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to get them connected with the city, all the things that are available

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and to create the warm arrival that sets the tone for the rest

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A picnic in the park and a warm welcome from another

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Their group raised enough to support the family for a year.

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Everyone at this gathering is doing something similar.

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You do hear critical voices, but for now the public mood

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It is so striking just how different the mood is here than

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But then much about Canada is different, every Syrian family

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here was carefully vetted and then welcomed by families here in Canada,

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and you haven't seen the kind of attacks here that have caused

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But when you look at this you have to ask, could this

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kind of model be adopted somewhere else?

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Then suddenly, in this crowd, a family I know from Syria.

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It has been more than two years, their lives were so desperate them.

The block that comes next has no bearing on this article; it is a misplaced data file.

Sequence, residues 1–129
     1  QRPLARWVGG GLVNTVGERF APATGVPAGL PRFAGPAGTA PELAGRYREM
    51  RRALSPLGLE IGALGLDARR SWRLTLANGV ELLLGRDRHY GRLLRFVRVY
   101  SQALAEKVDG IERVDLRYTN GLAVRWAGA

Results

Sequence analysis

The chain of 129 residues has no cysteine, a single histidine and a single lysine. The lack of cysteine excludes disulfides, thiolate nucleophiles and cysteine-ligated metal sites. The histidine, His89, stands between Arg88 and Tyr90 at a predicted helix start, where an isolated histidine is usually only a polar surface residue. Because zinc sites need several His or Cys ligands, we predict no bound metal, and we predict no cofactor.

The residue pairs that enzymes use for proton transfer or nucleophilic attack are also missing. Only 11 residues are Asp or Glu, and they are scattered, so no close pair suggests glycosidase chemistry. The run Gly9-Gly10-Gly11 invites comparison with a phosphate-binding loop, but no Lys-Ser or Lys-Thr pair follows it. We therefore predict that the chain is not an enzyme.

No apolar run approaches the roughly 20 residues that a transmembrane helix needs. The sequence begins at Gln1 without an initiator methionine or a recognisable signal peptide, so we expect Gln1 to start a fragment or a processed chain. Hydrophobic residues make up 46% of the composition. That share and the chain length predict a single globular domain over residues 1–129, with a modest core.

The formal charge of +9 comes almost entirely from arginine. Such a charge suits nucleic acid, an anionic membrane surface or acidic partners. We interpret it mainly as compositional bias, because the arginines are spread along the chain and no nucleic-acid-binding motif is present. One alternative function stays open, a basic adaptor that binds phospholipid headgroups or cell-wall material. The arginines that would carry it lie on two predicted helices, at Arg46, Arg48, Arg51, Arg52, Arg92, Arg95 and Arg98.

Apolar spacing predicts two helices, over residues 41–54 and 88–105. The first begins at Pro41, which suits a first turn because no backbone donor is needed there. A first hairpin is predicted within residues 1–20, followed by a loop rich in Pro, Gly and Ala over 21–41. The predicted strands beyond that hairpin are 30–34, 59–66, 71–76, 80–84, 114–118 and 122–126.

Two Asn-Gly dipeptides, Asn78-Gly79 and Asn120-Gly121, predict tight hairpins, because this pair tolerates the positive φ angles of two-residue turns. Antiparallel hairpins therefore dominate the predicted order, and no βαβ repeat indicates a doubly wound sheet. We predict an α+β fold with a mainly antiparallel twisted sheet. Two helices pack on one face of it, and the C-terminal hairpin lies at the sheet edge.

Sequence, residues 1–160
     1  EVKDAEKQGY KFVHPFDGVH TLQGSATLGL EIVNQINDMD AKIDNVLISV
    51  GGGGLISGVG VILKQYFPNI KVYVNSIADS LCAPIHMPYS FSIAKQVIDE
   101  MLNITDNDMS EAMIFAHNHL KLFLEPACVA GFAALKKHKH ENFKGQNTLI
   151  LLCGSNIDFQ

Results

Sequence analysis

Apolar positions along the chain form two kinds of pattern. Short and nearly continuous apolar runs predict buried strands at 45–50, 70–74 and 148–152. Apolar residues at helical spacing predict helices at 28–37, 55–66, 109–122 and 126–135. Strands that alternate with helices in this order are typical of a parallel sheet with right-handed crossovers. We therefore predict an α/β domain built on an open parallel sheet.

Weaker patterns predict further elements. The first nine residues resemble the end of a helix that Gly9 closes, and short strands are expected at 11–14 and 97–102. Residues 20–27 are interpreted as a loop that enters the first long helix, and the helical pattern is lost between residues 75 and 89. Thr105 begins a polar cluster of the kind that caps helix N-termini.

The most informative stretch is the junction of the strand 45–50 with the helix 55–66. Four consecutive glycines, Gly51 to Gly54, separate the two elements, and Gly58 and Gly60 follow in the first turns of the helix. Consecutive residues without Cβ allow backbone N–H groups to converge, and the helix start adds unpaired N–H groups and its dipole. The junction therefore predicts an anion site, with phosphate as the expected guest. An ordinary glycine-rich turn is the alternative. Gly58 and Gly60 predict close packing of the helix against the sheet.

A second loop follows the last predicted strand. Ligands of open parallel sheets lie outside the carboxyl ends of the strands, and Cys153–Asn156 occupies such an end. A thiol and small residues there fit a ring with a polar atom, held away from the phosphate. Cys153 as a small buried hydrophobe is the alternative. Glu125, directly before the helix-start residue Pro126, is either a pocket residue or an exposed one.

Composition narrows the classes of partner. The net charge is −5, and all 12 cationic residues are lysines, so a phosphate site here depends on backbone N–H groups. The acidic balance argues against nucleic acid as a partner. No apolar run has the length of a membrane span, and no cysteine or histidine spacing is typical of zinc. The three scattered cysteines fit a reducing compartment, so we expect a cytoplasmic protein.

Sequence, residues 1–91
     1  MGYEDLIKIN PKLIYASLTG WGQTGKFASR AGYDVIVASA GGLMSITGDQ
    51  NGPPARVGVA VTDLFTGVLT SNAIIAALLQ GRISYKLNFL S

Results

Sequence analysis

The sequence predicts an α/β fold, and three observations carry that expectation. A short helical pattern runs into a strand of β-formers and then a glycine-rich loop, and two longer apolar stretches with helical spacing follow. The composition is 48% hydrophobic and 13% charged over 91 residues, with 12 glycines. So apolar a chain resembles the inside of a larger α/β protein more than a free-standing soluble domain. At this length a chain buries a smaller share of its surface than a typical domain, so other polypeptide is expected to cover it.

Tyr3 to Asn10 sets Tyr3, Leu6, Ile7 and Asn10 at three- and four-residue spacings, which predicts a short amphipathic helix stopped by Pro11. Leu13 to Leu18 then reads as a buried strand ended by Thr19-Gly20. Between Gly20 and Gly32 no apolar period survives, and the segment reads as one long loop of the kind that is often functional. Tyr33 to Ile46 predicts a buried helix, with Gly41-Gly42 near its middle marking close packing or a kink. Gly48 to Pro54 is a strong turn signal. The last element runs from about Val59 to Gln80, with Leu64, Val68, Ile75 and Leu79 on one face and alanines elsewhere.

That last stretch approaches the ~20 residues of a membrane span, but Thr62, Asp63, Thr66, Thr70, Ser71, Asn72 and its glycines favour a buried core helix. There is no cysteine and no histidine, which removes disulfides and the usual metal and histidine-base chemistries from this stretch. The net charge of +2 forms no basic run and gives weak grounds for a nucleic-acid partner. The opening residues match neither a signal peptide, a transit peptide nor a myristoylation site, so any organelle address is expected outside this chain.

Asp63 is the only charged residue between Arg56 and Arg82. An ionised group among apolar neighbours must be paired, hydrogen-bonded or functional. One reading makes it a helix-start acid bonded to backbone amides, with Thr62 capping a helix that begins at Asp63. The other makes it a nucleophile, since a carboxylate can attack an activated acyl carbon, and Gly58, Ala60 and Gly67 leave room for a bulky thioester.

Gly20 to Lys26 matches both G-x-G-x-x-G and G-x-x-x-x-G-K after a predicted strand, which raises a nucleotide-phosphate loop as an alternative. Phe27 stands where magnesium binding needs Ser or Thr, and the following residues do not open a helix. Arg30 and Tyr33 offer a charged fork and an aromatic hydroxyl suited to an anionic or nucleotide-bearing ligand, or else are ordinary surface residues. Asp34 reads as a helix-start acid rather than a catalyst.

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She told me she would have dreams of people with their heads cut off. Now

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her nightmare is over. These Syrians already

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feel they belong here. This vast country has long made

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space for new citizens, but like many other places

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it is asking how many more How long will this

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warm welcome last? Lyse Doucet, BBC News,

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Toronto. Now, globally, hundreds of millions

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of people speak English, but there are only nine people

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in the world who can speak Yiaku. It is one of the rarest

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languages in the world, spoken by the Yiaku tribe in Kenya,

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and it is facing extinction. It is just one of hundreds